Release Date 12/16/2016
(Dog Legs Music)
From opening track 'Whirling Girl' you are immediately aware that you are going to be listening to an album with authenticity as it's bedrock in Tim Carr's debut The Last Day of Fighting. Whilst in can be difficult to wade through the number of folk-leaning artists here in Ireland to find something that shines outstandingly in a sea of talent, it can be naturally far more arduous when it comes to those based across the Atlantic due to sheer volume. Yet here is an absolute diamond of great beauty. 'Whirling Girl' is soft, moving, and unobtrusive, it's obvious why he's had his music selected for soundtracks, it paints a scene in addition to creating ambient and thought-provoking moods.
'Now Now' is achingly stripped back, warm acoustic bass strings and Carr's vocals are more than enough on their own to fully draw the listener in at it's opening. As the track progresses the harmonies and gentle tingling electric guitar notes are like a wisping breeze through an open window. It's impossible not to visualize the musician in complete isolation in a small country house way out in the rural singing to no one but the landscape on all four sides. 'Easy For Me' rolls sweetly through it's bars, Carr's gentle vocal simultaneously forelorn and abject yet eschewing warmth and comfort at the same time, it's slightly mystical and incredibly easy to get completely lost in.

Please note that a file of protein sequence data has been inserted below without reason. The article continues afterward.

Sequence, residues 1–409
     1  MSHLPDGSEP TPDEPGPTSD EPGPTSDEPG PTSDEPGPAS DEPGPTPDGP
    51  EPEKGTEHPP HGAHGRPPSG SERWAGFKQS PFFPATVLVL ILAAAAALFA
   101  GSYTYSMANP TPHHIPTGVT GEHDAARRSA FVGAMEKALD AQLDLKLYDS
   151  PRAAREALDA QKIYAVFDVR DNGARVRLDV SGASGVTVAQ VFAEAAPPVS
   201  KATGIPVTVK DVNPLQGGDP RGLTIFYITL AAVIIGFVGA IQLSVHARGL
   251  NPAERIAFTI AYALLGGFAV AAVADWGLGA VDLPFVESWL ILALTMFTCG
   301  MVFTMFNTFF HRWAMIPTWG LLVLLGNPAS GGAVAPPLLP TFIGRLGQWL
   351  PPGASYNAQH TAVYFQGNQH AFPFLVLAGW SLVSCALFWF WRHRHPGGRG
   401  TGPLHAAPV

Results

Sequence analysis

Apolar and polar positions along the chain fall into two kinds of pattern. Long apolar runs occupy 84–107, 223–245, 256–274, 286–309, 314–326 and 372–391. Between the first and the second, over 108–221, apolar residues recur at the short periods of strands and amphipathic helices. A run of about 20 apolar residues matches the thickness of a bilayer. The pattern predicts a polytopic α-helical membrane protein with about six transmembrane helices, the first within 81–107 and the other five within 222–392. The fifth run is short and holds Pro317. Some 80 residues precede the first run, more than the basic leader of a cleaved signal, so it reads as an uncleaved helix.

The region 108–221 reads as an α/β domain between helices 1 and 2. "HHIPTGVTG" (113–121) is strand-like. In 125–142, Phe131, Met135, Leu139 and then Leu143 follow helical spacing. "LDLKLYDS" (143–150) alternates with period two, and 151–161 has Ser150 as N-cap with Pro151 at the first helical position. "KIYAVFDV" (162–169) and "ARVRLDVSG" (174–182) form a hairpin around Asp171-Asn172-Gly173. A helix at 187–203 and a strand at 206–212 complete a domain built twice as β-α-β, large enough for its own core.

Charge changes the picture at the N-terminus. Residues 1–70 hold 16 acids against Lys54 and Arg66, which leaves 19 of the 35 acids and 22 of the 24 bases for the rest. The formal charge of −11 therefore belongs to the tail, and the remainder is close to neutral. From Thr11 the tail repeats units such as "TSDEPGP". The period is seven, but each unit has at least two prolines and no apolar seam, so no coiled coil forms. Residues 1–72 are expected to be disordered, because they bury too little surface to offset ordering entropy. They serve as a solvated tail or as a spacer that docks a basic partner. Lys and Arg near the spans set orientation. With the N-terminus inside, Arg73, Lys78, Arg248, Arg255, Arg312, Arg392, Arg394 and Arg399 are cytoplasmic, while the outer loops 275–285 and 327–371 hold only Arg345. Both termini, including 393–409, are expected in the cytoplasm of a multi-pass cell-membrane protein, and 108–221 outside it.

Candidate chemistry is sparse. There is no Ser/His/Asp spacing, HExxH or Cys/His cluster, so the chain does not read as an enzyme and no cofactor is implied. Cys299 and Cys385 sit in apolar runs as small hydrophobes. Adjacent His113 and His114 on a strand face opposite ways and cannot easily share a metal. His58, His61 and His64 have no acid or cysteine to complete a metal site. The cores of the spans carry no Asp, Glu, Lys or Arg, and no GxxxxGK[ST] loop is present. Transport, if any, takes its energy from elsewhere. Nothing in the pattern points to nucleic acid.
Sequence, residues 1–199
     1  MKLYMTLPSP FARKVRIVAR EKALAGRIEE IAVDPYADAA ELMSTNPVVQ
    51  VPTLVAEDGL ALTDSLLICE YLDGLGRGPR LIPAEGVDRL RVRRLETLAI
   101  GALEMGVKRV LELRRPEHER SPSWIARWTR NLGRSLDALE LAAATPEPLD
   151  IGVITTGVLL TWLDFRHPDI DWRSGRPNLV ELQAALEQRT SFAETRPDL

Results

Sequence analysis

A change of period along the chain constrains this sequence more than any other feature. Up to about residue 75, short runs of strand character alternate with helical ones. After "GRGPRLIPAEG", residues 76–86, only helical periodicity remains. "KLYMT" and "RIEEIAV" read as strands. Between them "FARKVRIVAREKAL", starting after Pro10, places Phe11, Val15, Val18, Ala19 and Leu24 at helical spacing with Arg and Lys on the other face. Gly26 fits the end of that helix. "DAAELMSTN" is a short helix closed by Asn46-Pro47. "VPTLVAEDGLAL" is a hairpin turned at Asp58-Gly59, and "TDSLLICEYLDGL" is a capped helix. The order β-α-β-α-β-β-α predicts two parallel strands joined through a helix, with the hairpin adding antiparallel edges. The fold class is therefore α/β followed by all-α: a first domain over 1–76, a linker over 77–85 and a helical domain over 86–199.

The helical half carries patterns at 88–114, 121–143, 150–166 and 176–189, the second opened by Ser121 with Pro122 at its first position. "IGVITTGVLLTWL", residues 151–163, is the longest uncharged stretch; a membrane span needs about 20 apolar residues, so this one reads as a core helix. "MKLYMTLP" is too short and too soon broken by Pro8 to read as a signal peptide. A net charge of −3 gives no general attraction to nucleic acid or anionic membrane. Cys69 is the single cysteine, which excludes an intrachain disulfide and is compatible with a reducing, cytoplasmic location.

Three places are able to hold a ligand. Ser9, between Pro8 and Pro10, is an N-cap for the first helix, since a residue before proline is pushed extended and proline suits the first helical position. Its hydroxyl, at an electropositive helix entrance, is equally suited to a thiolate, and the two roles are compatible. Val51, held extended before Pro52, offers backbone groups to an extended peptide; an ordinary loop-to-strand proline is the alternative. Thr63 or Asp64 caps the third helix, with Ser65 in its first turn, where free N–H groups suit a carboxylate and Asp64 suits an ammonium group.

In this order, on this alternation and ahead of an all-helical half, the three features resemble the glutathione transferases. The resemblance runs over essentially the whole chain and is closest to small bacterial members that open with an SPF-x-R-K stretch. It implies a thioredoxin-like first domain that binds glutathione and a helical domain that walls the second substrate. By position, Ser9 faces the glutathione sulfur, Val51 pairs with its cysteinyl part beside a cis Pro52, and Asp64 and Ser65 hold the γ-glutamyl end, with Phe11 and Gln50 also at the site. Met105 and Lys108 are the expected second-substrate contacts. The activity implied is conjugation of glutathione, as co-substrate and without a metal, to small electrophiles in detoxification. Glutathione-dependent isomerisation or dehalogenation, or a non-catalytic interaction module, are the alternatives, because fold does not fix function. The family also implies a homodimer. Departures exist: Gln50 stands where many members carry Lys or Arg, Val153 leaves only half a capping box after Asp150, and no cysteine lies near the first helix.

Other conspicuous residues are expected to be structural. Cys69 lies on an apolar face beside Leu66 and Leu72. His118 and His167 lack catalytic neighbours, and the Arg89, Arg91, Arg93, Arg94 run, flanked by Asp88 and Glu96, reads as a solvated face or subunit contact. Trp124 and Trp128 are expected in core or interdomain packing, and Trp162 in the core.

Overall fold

After the equally calming delights of 'Beyond You', Carr swaps acoustic for electric, here we reach peak beauty, the power of his sound is so understated here in particular; 'you're not around anymore, but somehow I can hear you better, better than before', a lovely line that shows how much more attentive we can become when those close to us are not at hand. 'Kindred One' sounds like a mix of Alt-J and Animal Collective if they'd just had all their electronic gear stolen from the back of their tour bus an hour before a show. It's melodic and uplifting, again perhaps reflecting rural landscapes through music, shakers and bass drum bringing a tribal Native American ceremony to our ears and imaginations.
The Last Day of Fighting ends with it's title-track (above), little hints of Sufjan Stevens' For Carrie & Lowell, it contains the heart-wrenching feel of that album, but is by no means a song intended to make one feel sad, far from it, hope abounds. Rhythmically and vocally Carr is pushing positivity, and in some ways this closing track summarizes both the deep emotional charges of the album, and the overall sense that Carr is a truly gifted and original song-writer. Bearing in mind he is a musician of vast experience already, for a debut album this is still most impressive and quite simply put deserves a very wide international audience.